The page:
In which a veteran of cultural studies seminars in the 1990s moves into academic administration and finds himself a married suburban father of two. Foucault, plus lawn care.
This probably happens almost everywhere, but I'm noticing it more here lately.
Committees are supposed to come in two flavors: 'standing' and 'ad hoc.' (The same is supposed to hold true for subcommittees.) Standing committees exist for their own sake, and they're built for permanence. Locally, for example, the curriculum committee is a standing committee. It isn't going anywhere, since nobody anticipates abandoning curriculum. Standing committees typically have membership based on 'representation' of various parts of the college, with the idea that every affected area should have the opportunity for input.
The strength of a standing committee is typically a relatively clear charge, and a relatively clear place in the college. We know what the curriculum committee is supposed to do, where it 'reports out,' what its deadlines are, and where it's supposed to get its membership. The weakness is that long-standing committees are subject to capture by a few strong personalities who make them into their personal fiefdoms. When a committee has a chair-for-life, it's unlikely not to fall victim to certain predictable pathologies.
Ad hoc committees, as the name implies, are constituted to address a particular issue. In the best cases, the issues they address are temporary, so the committee can dissolve itself when the issue passes. Self-studies are like that, and so are groups to address, say, the design of a new building. Once the visiting team has left or the building has opened, the committee has lost its reason for being and can disband. In my very limited observation, ad hoc committees tend to be far more effective than standing committees, if only because they're more concerned with problem-solving than with representation. Of course, your mileage may vary.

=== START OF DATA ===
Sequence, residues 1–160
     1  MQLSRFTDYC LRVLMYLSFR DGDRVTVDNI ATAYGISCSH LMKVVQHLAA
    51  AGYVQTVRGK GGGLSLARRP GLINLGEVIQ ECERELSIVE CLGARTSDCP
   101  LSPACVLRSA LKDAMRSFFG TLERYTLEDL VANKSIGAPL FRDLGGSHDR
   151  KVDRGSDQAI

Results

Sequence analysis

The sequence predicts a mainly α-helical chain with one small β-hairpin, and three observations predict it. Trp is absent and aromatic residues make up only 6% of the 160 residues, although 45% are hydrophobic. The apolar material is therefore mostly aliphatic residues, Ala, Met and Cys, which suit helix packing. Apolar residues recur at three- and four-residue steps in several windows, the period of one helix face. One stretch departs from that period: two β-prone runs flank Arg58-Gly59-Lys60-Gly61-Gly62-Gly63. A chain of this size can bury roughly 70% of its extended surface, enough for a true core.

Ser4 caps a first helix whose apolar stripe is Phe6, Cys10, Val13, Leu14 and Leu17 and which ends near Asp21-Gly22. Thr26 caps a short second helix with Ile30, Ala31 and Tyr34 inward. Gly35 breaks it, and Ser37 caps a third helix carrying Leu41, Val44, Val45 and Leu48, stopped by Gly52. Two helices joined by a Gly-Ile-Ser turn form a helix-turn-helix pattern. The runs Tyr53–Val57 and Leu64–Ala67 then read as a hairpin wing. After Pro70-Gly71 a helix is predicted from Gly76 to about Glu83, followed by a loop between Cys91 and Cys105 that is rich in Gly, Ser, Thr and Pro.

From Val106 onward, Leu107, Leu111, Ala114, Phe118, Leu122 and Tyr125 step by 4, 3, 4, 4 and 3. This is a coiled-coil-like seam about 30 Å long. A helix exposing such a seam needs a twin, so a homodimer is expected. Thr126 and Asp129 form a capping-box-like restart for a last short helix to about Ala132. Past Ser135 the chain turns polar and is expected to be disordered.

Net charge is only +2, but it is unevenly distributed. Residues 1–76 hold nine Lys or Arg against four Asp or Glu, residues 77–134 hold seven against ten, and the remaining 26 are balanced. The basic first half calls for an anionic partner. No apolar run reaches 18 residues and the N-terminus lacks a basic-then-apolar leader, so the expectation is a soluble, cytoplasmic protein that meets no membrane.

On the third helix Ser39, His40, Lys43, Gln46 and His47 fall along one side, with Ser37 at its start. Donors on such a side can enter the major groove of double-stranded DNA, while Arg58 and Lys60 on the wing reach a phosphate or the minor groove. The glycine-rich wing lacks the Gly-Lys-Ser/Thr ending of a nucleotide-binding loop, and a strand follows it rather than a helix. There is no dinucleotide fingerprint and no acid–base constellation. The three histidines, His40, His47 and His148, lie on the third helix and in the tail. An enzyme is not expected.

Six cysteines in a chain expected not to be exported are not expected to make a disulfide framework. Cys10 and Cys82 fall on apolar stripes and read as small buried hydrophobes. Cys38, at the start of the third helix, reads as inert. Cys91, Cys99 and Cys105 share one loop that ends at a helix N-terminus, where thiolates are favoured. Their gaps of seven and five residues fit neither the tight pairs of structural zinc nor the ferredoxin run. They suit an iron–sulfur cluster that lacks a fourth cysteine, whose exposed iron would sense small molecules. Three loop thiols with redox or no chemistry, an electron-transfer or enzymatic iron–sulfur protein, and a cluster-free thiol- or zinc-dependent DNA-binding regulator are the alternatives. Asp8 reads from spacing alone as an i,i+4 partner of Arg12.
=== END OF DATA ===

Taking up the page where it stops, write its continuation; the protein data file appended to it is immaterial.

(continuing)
Then there's the weird third category. These are committees that are formed to address ongoing concerns, but that aren't given 'standing committee' status. Locally, an example might be a committee within the English department that addresses issues with developmental (remedial) English courses. I don't expect remediation to go away anytime soon, but the committee's focus is too narrow to warrant 'standing' status. Instead, it's a sort of hybrid.
Hybrid committees come from every-which-where, and frequently bump into each other as they (inevitably) recognize that their issues overlap with other areas of the college. To stick with the remedial English example, it didn't take them long to figure out that they needed to address ESL, ADA/Learning Disabilities, registration, Academic Standards, developmental math, high school outreach, new student orientation, and so on. And their forays afield inevitably bring cries of anxiety from other committees and areas of the college, each jealous of its own autonomy.
Worse, some of these hybrid committees have been supported with (limited) release time at their formation, out of a sincere sense that their initial charge was important. So folding committees into each other, or disbanding those that have outlived their usefulness, becomes a collective bargaining issue. ("Why are you taking away my release time?" As if the release time belonged to the person, rather than the position.) The easy response to inequities is usually to bring up the lower party, which involves…wait for it…creating even more committees with even more release time, so nobody gets more than anybody else.
(The more difficult response is to simply shut down or consolidate the past-their-prime committees, and use the freed-up resources to address other issues. It's the right budgetary move, but the internal politics are often bloody. Folks who lose their sinecures can be very quick to put the worst possible light on any change.)
I'm beginning to suspect that part of the reason so many admins like to do reorganizations is that they're often the only politically-palatable way to put zombie committees out of their misery. Pick on one or two committees, and you have an anti-(fill in the blank) agenda. Pick on a dozen and start a few new ones, and you're just doing another re-org. I'm not a fan of re-orgs generally, but they can serve a purpose.
Committee creep – both the Incredible Growing Mission and the sheer number of committees -- is insidious, and remarkably hard to stop.
Wise and worldly readers – has your college or organization found a sustainable way to keep committees reasonably close to their purposes?